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In his "Course in General Linguistics," (which was compiled by his students) Saussure names the science of what constitutes signs and the laws that govern them as semiology. Since semiology deals with signs, it covers psychology, sociology, and linguistics. Saussure believed that to inform each of these applications of semiology, one had to focus on the structure of signs.
The linguistic sign is made up of a concept and a sound-image. The concept is the abstract idea of, say, a tree. The sound-image is the psychological sensory impression of the sound of a word; as sound-image, Saussure denotes a kind of mental impression which is an sound and sight based. In other words, the sound-image is the sense we get when seeing, hearing or saying a word.
Saussure then describes the sign (previously as concept/sound-image) as signified/signifier in order to be more descriptive. The bond between signified/signifier is arbitrary. The signified concept (tree) is represented by the signifier, the word "tree." A community decides to call it a "tree" so they have a common word to which they all can refer. But as there are many languages, the concept can be expressed in any number of ways: Baum (German), Arbor (Latin). So, it is not the relationship between signified (tree) and signfier (word "tree") that gives that word meaning.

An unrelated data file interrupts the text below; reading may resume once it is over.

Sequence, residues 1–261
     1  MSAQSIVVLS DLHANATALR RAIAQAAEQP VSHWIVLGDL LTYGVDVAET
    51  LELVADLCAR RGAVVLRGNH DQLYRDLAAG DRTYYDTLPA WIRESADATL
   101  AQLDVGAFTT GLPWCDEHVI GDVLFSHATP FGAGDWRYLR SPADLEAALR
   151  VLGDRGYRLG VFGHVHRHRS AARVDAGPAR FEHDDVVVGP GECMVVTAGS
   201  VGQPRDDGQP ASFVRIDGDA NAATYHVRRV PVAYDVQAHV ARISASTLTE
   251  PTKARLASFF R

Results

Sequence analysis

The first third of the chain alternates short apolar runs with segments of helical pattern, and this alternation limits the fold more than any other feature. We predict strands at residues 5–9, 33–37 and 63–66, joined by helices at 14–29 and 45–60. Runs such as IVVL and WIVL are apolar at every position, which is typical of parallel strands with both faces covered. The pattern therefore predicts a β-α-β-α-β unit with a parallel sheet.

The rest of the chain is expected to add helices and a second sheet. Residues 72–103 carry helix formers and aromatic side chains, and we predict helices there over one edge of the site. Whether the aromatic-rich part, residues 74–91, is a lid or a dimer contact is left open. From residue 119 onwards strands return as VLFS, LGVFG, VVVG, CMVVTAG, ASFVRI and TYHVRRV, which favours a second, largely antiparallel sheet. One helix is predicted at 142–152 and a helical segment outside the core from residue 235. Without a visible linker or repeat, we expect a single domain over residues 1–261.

However, language does depend upon this link between thought (concepts or signifieds) and sound (sound-images or signifiers).
There is the linguistic sign (signified/signifier) (tree concept/"tree"). That is how signification works. But the meaning of "tree" (Saussure uses the word "value" as "meaning") depends on the context of the word; not the link between "tree" and its signified concept.
A tree is a plant that grows in the forest. I know what a tree is from the context of this sentence. If I write, "A balloon is a plant that grows in the forest" I might think that the word "balloon" means the concept of tree. Therefore, the meaning (value) of a word is not established by the word itself or the bond between word and concept. Rather, the meaning is established between that word and other words; between the signifier and other signifiers.
We can isolate the word "tree" in the context of that sentence because "tree" is different from the other words or signifiers. This seems so basic but it must be mentioned. It is necessary that words (in sound or writing) are different and can be distinguished from each other.
Everything that has been said up to this point boils down to this: in language there are only differences.
We understand "tree" based on its difference from (and relation to) other words in the context of a sentence, story, language, etc. In any context, words are written/spoken linearly: one after another. We don't typically write or say words on top of each other! Two of more words stated linearly (a phrase, sentence, etc.) is a syntagm. I understand "tree" based on the context and syntax (syntagm) of the sentence. But I also think of things associated with "tree" such as nature, carbon dioxide, leaves, branching metaphors, etc. So, the meaning derives from syntagmatic relations (the linear structure of the context and syntax) as well as associative relations.
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